It's a great feeling to wake up on Sunday morning after a Habs win. It's an even better feeling when there's not another game until Thursday, and we can spend five days comfortable in the knowledge that the Canadiens' first five games were a success. The two points gained last night, with none surrendered to division rivals, will go in the bank and help build a staircase of games that will hopefully ascend to the playoffs six months from now. The way in which the two points were secured will build something else a little less concrete, but just as important for the post-season.
The win helped lay a foundation of trust between Carey Price and his teammates, and perhaps cemented a sense of self-belief within Price himself. The moment it happened came at 18:15 of the second period, less than a minute after Andrei Kostitsyn's second brilliant goal of the young season tied the game at three. The Senators' Peter Regin broke in on a two-on-one, knowing perfectly well that all three Sens goals had come high, glove side on Price. Being no dummy, the kid fired a laser right where the other goals had found twine behind the Habs goalie. This time, instead of dropping and giving them four, Price stood his ground and neatly snagged the shot. It was a moment for which Habs fans have been waiting since early last season.
Last winter, Price would have been dwelling on the two goals he'd allowed in less than a minute earlier in the period. He'd have been a bit sulky at himself and mad at the extremely questionable defence that had allowed the Sens to have clear access to the Habs' net. His concentration might have been a bit off, and he very well might have given up the backbreaker. It happened so many times last year, when the game was close, or the team had fought back from behind, and Price let in the goal from which the team didn't recover. Last night he made that crucial stop to preserve the hard-fought tie in the second. The team regrouped during the intermission, then came out and smothered the Sens in the third. Plekanec and Kostitsyn sealed the deal and the Sens handed over the two points.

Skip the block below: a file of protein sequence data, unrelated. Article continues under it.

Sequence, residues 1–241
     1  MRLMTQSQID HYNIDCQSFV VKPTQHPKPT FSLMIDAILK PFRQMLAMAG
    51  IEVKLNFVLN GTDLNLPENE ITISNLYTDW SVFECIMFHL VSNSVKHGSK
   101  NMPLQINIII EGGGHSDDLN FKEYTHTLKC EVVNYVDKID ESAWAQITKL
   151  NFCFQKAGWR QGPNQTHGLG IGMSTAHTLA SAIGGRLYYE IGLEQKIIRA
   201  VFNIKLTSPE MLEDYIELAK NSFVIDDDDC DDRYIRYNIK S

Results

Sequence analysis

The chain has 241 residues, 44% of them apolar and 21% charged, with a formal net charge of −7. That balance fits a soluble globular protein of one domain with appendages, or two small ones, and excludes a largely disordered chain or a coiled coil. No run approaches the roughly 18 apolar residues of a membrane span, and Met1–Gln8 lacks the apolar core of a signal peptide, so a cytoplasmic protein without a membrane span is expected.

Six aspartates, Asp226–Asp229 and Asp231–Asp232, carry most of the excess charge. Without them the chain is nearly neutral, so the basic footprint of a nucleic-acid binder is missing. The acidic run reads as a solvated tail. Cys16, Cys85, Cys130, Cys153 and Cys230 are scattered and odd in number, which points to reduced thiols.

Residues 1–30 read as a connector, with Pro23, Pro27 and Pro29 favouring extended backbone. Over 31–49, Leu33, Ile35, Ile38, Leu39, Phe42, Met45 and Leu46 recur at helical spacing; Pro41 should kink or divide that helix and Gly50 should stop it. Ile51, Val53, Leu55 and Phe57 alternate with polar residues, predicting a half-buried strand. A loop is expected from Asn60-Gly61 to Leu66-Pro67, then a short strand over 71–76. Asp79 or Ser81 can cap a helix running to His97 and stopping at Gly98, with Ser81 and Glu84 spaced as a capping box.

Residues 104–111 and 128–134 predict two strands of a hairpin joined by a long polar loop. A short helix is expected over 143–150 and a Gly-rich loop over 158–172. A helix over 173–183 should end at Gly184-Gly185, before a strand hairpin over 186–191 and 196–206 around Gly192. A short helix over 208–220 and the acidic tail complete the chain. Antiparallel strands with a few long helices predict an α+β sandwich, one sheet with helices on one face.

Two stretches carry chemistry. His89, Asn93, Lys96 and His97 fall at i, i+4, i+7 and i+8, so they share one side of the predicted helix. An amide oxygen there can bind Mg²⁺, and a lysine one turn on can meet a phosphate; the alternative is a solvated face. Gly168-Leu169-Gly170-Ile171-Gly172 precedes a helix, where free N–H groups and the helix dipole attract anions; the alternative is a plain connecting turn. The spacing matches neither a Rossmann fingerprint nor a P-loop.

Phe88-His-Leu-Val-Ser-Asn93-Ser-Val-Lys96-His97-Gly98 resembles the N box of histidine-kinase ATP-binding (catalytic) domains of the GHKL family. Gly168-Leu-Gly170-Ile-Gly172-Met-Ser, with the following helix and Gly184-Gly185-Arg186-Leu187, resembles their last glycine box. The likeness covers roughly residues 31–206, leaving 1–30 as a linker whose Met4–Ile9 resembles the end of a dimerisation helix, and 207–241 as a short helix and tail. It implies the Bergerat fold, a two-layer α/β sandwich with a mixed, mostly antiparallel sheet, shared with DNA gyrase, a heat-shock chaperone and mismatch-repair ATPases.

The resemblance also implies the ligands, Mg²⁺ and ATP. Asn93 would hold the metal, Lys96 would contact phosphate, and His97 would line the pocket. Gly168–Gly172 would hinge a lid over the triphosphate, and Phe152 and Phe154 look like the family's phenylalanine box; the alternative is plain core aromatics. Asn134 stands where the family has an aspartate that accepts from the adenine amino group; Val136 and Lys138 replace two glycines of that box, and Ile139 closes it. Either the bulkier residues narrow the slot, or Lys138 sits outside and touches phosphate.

The win is worth two points in the standings, but those intangibles the team gained from it might be more valuable. Josh Gorges said in training camp that when a goalie is having a tough night, the team changes its style of play and tries to get back and help him out more. That means there are players in places they shouldn't be and confusion reigns. When Price made that save on Regin, he sent the message, "Don't worry, I've got this." He freed his teammates to play their game because he showed them he's mentally tough enough to recover from a couple of quick goals. He couldn't do that last year, and it cost him his job.
The thing with building a winning team is that even one guy's heroics aren't everything. That was true last night. Andrei Kostitsyn played a helluva game and made Trevor Timmins feel a bit better about that 2003 draft. Tomas Plekanec and Brian Gionta scored a couple of beauties. Halpern did a great job on the PK and everybody was skating. The Habs impressively outshot the Sens 40-19 and discipline continued to be pretty good, with only two non-coincidental minors taken. The team was winning a lot of its battles and Plekanec went 21-for-30 in the faceoff circle for a very impressive 70%. None of it would have mattered if Price hadn't made that save and given his teammates the green light to leave him in charge of the net and go try to win the game.
It could have been a little easier for Price if a few other things had been working. The power play was blanked again, despite five opportunities. It may improve when Andrei Markov returns, but there's still the issue of who'll shoot from the right side. It won't be Subban, because he's a right-handed shot, so Markov will still have nobody to set up. That shot has been a major factor in the PP success for the last five years, and the team has shown no sign it's found a new solution. Cammalleri, too, looks a bit off. He shot a lot last night, but when he's on he would have buried at least two of those chances. Gomez, Pouliot and Eller need to finish as well. Those guys will be an important part of future wins, hopefully by more than one goal.
It's still early, and there's a lot of building that needs to happen as the season goes on. Last night gave us an indication that construction has started. Carey Price might not be the foreman on the job, but he's the crane operator, and nothing lifts without him. That he's showing he might be really ready for that job gives us five days of satisfaction before the next challenge the team will face.